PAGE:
I believe the most memorable part of our weekend was the heroic performance by Adrian who began to show the signs of possible collapse with about 25 miles to go. Normally a very upright and textbook style performer he was losing his posture and beginning to adopt a completely different stance. His head was down and he was leaning forward. It transpires that he was partly protecting his feet which were worrying him. Visiting the team tent for a sit-down and a foot examination Adrian unrolled his socks and exposed what was concerning him. A flap of skin covering his heel and part of his arch had almost detached itself. How on earth he had got this far suffering such pain and discomfort is a real tribute to this fortitude. What did he do? He changed his socks! Moving off we wished him the best and he rejoined the circuit very gingerly. Time has a horrible way of being lost so Roy and I were trying to work out how far he had left to walk and what timescale was available. As Adrian made his way off onto the next lap we established that he had a cushion of some 30-45 minutes as long as he could maintain a reasonable loop time of around 10 minutes for the roughly 1k circuit. The very painful feet were clearly troubling Adrian as he almost tiptoed down the tarmac at one point. He eventually seems to control the pain but his head was still down and he was trying to support his back with his hands as he walked with a forward lean. With about 3 hours to go the target of 100 miles in 24 hours was looking a bit blurry. Adrian was stopping at intervals on the roadside and while we thought he was perhaps being ill it transpires he was stretching his back. In the last couple of hours, there were moments when he nearly collapsed onto the grass verge alongside the roadway. By this time everyone was becoming very concerned. Even the officials were doing what they could to encourage and help him. Just like the 1908 Olympic Marathon where personnel helped Dorando Pietri over the finishing line we knew he mustn’t get physical help if he fell. He did tumble and with supporters around to comfort him, he got up and walked on.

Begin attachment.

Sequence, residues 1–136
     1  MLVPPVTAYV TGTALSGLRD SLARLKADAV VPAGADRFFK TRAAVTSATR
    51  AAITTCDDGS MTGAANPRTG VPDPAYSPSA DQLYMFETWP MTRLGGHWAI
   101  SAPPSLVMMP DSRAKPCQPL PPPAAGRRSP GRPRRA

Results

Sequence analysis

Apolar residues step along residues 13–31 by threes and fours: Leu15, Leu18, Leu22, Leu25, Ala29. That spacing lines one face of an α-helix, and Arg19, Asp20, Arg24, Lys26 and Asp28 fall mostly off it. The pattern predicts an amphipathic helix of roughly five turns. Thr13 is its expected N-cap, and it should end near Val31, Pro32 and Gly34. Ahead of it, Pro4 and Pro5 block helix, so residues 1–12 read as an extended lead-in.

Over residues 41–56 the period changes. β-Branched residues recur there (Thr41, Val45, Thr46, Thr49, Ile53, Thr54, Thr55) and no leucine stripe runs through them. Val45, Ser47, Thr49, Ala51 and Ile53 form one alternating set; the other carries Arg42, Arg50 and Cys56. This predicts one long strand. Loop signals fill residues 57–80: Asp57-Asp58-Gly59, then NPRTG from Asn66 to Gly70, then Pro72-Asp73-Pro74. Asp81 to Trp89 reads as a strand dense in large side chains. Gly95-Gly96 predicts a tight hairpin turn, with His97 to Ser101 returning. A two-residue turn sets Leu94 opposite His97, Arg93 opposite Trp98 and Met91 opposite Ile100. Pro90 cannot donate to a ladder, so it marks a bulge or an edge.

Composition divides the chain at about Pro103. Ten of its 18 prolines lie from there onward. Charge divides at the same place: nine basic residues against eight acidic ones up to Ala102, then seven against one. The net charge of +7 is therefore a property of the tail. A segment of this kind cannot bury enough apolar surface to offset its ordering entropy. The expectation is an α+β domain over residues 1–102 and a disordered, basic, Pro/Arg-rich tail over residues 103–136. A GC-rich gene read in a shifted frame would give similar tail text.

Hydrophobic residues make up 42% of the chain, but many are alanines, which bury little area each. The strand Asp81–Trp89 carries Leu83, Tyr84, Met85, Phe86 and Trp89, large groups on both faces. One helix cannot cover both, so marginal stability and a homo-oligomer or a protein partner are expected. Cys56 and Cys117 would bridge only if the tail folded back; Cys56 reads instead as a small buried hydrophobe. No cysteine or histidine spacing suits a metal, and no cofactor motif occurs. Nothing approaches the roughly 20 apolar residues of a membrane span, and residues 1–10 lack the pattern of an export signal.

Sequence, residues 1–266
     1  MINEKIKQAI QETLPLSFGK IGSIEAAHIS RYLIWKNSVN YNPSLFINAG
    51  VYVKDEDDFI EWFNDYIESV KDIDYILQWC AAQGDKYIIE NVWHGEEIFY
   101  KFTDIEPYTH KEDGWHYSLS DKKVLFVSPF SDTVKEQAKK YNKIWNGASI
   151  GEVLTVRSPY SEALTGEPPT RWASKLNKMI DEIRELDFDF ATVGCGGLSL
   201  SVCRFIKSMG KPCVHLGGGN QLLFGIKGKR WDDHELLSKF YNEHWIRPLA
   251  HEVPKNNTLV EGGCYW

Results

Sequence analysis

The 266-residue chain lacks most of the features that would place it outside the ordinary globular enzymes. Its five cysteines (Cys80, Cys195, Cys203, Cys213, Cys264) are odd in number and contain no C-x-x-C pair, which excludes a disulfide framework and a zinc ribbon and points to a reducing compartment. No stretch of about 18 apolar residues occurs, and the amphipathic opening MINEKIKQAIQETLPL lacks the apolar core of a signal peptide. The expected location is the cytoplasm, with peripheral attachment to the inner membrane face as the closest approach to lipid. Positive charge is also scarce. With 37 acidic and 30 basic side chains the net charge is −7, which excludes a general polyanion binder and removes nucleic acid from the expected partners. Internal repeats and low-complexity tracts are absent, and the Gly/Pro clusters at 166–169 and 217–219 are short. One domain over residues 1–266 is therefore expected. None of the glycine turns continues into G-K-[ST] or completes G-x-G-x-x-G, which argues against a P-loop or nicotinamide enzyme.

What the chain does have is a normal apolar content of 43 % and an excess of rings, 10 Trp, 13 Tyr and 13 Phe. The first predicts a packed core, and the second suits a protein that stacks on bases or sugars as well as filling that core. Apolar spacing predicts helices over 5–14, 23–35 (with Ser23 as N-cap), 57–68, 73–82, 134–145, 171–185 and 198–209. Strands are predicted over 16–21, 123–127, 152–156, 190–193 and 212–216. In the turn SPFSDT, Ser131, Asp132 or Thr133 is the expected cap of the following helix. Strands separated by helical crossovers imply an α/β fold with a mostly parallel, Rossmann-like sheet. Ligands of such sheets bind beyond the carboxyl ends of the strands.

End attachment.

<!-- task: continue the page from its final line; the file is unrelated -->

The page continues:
I can’t remember a more emotional two hours for me in sport. One of your club colleagues in obvious distress and all you could do was say a few kind words and try to inspire that part of the brain that prompts a positive reaction. Everyone in the club at Middlesbrough and other watchers wanted Adrian to make it. They all tried to protect him and to watch someone on each circuit struggling to move forward without falling drained the emotions of us all. We all wanted the final handful of laps to arrive so we could endeavour to get him home safely. Martin caught him up on some of the latter circuits and will have given him a psychological lift and even a walking “partner”. Two laps to go and he was if anything raising his game with the Centurions’ victory in his sight. Another bit of a falter and a fall into the grass verge a short distance after the lap end. Quite a number of folk raced down to make sure he was ok. He mustn’t be helped up but slowly he managed to get onto his knees and regained his upright stance. He was off again with maybe a mile and a bit to go. Positioned around the course his club friends and others shouted encouragement so when he reached the bell for his final lap we all kept our fingers crossed that he would get round safely. I know a number of officials were particularly helpful and they too encouraged him although not normally “allowed” to do this . With 400 metres to go we could all see Adrian controlling his forward lean on the opposite side of the grassy area where we were camped and as long as he stayed upright he would achieve his ambition. He turned the final bend of the loop and the well-wishers were gathered ready to cheer him home. He crossed the line and collapsed into the arms of one of the helpers. He had made it and I can’t think of any other occasion when we were so delighted to see someone surmount so many problems and succeed. The icing on the cake was not only Adrian winning his Centurions’ badge, number 1216 (he was actually wearing number 216 for the race) but the awarding by the Centurions of the special Ken Munro trophy for the most meritorious competitor on the day.